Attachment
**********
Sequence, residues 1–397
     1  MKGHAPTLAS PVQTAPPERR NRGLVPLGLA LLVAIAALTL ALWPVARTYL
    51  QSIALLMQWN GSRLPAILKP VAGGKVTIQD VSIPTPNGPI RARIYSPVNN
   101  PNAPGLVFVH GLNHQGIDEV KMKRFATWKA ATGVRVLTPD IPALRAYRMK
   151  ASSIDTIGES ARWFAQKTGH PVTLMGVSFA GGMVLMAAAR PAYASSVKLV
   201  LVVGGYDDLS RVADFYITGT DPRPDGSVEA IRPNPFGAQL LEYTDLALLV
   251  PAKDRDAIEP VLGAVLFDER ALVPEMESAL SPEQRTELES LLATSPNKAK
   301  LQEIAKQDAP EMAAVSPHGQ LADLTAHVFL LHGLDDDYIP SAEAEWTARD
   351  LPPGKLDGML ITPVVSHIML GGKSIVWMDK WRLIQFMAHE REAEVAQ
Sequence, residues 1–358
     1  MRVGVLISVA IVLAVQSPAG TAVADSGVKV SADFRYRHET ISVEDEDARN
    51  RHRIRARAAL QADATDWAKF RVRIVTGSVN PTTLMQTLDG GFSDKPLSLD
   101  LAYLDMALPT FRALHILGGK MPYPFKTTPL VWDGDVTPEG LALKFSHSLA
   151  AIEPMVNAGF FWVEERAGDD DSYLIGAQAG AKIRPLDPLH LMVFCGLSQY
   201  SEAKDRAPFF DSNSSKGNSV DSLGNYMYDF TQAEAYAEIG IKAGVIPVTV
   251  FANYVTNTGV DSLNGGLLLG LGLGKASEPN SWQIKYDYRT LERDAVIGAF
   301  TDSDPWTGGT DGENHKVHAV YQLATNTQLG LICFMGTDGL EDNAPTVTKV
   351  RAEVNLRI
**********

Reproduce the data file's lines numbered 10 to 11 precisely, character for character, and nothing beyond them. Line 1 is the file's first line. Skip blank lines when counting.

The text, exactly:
Sequence, residues 1–358
     1  MRVGVLISVA IVLAVQSPAG TAVADSGVKV SADFRYRHET ISVEDEDARN